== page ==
ESPN FOOTBALL 2004 for PlayStation 2 and XBox, $80. Rating: NNNN
MADDEN NFL 2004 for PlayStation 2 and XBox, $80. Rating: NNN
NFL GAMEDAY 2004 for PlayStation 2, $80. Rating: NN
Are you ready for some football? Baseball might be the all-American pastime and soccer the beautiful game, but nothing touches the gridiron for sheer passion south of the border. You get tailgate parties. You get hundreds of thousands of perpetually frustrated Bills fans. For its short season, football commands the complete attention of its fans.
No surprise, then, that there are three major video games competing for home entertainment dollars.
ESPN Football 2004, formerly known as Sega's NFL 2K series, has so many special features that the action on the field almost takes second billing. Designed from a TV viewer's perspective, the game has everything from field-level views and butter-smooth animated players to Matrix-style "bullet time" views, where the action slows to a crawl and you can view the plays from every possible angle.
It's fun stuff, and you can easily lose yourself for hours or days.
The Madden franchise remains the top-selling video game series in history. Like its namesake announcer, it's a back-to-basics football game made for hardcore football addicts, but it comes complete with all the other bells and whistles you expect.
The 2004 incarnation includes a handful of attractive tune-ups, including ridiculously detailed playbooks, look-alike players and graphics that rival what you see on your television every Sunday. You can also put on your suit and tie and be the owner of your franchise, controlling everything from the staff and the stadium design to the ticket prices (set them too high and no one will show up) and the bonuses your players get if they play well.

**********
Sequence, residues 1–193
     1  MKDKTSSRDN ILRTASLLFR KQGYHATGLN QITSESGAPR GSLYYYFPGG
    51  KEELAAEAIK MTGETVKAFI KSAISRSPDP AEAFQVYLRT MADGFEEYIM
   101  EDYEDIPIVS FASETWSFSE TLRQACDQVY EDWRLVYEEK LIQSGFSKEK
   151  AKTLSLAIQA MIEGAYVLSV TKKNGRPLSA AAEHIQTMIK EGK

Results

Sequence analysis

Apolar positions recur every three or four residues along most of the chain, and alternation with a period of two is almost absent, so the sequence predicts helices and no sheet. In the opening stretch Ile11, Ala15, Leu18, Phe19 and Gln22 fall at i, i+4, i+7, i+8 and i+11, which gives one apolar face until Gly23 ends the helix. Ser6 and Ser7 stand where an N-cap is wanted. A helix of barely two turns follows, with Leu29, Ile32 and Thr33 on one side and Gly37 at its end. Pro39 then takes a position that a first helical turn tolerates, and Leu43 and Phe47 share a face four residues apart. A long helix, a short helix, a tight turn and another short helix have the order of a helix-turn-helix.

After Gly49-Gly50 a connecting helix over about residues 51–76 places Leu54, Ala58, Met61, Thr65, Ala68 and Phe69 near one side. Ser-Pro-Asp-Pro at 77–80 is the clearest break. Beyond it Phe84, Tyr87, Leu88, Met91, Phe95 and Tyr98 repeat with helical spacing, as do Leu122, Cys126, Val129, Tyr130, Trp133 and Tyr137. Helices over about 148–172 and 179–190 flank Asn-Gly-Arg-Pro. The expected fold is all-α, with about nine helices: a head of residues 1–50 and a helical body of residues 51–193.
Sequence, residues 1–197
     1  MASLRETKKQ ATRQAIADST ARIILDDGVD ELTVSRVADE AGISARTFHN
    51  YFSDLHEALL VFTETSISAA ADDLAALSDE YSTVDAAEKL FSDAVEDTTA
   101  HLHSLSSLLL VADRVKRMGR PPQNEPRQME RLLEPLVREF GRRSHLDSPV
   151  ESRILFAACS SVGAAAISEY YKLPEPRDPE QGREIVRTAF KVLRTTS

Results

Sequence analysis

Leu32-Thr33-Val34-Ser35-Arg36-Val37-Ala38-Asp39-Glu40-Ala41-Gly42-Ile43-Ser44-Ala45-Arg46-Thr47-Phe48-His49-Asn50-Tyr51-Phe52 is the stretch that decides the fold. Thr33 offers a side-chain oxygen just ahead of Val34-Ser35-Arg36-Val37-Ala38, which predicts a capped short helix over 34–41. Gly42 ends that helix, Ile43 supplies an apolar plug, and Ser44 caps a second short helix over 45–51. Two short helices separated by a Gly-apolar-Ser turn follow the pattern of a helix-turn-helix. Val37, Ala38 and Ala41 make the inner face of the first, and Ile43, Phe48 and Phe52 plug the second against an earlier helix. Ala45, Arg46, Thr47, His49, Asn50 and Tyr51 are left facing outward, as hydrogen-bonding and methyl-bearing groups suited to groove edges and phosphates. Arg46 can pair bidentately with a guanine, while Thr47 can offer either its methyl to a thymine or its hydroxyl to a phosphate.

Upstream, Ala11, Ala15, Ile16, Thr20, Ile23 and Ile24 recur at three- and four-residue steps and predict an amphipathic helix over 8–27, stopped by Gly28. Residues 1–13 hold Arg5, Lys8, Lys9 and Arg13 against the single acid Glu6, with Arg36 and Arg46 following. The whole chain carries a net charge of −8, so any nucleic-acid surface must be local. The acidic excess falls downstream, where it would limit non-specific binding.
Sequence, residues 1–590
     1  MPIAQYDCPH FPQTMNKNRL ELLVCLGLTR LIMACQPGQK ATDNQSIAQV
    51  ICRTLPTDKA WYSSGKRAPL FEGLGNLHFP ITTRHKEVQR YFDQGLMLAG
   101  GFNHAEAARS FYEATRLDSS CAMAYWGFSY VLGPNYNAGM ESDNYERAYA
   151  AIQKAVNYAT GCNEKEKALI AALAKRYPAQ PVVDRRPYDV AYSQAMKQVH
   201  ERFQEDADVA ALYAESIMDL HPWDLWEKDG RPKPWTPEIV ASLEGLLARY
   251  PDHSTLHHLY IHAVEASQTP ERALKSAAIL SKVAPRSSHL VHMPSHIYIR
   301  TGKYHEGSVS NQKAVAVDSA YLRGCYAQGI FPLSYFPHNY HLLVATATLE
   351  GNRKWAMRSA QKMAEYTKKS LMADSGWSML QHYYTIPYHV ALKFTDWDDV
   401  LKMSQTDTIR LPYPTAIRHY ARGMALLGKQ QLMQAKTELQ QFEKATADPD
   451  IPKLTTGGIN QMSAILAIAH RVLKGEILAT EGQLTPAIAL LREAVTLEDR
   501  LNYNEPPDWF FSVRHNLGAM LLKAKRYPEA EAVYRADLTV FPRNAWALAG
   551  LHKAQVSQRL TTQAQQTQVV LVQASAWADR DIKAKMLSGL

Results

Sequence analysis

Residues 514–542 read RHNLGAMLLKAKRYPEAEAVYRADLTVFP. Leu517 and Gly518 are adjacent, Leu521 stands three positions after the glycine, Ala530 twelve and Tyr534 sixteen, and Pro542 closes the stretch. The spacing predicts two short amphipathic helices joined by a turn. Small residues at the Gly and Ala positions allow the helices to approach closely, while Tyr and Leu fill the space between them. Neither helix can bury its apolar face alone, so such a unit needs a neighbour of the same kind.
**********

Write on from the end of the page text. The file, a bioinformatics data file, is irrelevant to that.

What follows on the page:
The worst of the bunch is NFL Gameday 2004, only because it sticks with the game and doesn't concern itself with fancy extras. That might have worked back in the old-school Intellivision days, but extras are what high-octane machines like the PS2 and XBox were invented for.
Having taken football as far as a simulator can go without providing you with a patch of turf to play on, these games, like their baseball, hockey and soccer equivalents, have been forced to load up with additional features, pre-season and minor league franchises and choose-your-own-adventure-style options to make the $80 price tag reasonable year after year. Online gaming has helped (all three of these are Web-friendly), but it's the games that take you beyond the play itself that are most successful.
How much further can these sims take football, baseball or hockey? What will they offer next year to get you to plunk down your loot? And when will someone develop a CFL game? These are all important questions waiting to be answered.